Hullo and welcome to my Euro Coins Internet site.
I , like all those living in the Eurozone, was mildly interested in the Euro when it burst into our lives on January 1st 2002. At first I only came into contact with German Euro Coins but slowly with the free flow of people and money within the Eurozone other interesting coins from France,Holland,Greece,Ireland...began to appear on the scene.
This led at first to a somewhat perfunctory collecting of the new arrivals that I received as change.
I then bought a cheap pre-punched folder into which I put the Euro Coins from the different Euro countries (12 at that time).Then I bought a book on Euromünzen(Euro Coins) and soon discovered that there was a wealth of interesting facts concerning the Euro in general and Euro Coins in particular.
I have since become an enthusiastic collector of Euro Coins and look forward to sharing with you via my internet site some of the fascinating things I have learned regarding Euro Coins over the last few years.
Please note - pages covering the two new Eurozone members - Andorra and Latvia - will appear shortly.
To start with let me clraify what I mean by Euro Coins - I refer to the coins used throughout the Euro Zone as the normal means of payment.
A number of "exotic" Euro Coins are minted in each country with face values differing from the standard coins-e.g. 3 € , 10 € 100 € coins. These are valid only within the country they were minted in as a means of payment (legal tender) .They are however minted solely for collectors and allowing them to be used as a means of payment is simply a trick to avoid having to pay value added tax on them.
These "exotic" coins are not (at least not yet) covered in my site.
OK the stage is now set and I invite you to browse around my site - I'm sure you'll find much of interest and a number of lesser known and curious facts about the Euro.
The site is at the moment in its incipient stage so if you find it a little "thin on the ground" , please return in a few weeks to view the new pages.
First of all some basic facts about the Euro.
To avoid confusion - the Euro first became official currency in 2002 although from 1999 it was an "electronic currency" used by banks and the financial markets. Some countries had started minting coins from 1999 - these however only came into circulation at the beginning of 2002.
Some states (e.g. Andorra ) have the Euro as their official currency although they do not mint any coins of their own. Other states (Monaco,San Marino and the Vatican) although they mint their own coins are not members of the European Union.
Although to collect all the Euro coins produced is beyond most people's budgets (although still doable),by selecting a suitable sub niche of the market a modest outlay will enable you to complete your chosen niche - every collector's dream!
The standard coins in circulation are:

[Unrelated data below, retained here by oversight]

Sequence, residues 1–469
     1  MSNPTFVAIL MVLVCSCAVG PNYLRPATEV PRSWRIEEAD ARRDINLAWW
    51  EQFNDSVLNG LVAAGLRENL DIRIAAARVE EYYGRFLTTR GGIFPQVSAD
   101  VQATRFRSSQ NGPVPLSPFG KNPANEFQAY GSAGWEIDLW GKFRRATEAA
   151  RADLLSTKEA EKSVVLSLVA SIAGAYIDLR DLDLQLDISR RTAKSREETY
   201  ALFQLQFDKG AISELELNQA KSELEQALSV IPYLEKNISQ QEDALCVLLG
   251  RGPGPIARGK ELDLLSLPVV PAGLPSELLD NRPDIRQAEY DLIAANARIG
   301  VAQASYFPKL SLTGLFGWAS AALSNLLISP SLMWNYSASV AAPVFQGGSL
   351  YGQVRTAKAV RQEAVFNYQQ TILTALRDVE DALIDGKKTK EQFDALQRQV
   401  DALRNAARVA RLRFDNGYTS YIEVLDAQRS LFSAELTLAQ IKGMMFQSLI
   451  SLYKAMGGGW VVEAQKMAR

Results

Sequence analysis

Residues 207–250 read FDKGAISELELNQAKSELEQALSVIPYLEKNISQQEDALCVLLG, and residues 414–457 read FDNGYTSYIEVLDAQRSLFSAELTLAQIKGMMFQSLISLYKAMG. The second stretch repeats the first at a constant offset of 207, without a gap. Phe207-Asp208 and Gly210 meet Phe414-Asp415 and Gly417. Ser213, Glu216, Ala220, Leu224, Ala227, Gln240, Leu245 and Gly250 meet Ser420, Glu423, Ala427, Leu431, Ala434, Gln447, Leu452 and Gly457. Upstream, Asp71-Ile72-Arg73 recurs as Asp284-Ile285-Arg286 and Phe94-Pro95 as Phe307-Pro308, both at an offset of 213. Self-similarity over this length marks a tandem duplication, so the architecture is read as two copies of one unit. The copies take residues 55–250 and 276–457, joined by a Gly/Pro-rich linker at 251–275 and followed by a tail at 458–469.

One side of the Euro coins remains the same regardless of the country it was minted in. This is the common side that displays the value of the coin.
On the other side (National Side) a motif (or several motifs ) appear which are representative of the country of issue.
This varies from only one motif e.g. Ireland to 8 motifs e.g. Greece.
Details of the motifs are given in the pages dealing with the respective countries.
At the present time (2012) there are 20 states that mint their own Euro coins - these together with the year when they commenced minting are listed (alphabetically) below.
|Country||Year of Minting||Country
||Year of Minting|
Initially it was decided that the country specific sides of the Euro coins could not be changed. This decision was reversed in 2004 which in effect gave birth to the two Euro commemorative issues - a welcome decision for collectors.
The new freedom was however circumscribed with certain conditions and recommendations.
Firstly to preserve a sense of continuity and to avoid the general public becoming confused it was decreed that the standard national side could not be changed before 2008 unless the head of state depicted on the coin should die beforehand. (This did in fact happen in the case on Monaco and the Vatican).
Frequency: Each country may only issue one commemorative per year.
As from 2013 this will be changed to two commemorative coins per year.
Quantity : The number of commemorative coins issued by any country in a year is restricted to the larger of:
a ) 0,1 % of the total number of 2 Euro coins in circulation in the whole Euro zone.
(this limit can be increased to 2 % if an event of special significance is to be
commemorated but then the issuing country may not issue any further commemorative 2 Euro coins for four years)
b) 5 % of the 2 Euro coins in circulation in the country issuing the commemorative coin.
There have been three general commemorative issues - where the coins were issued by all members of the European Union who are also in the Euro zone.
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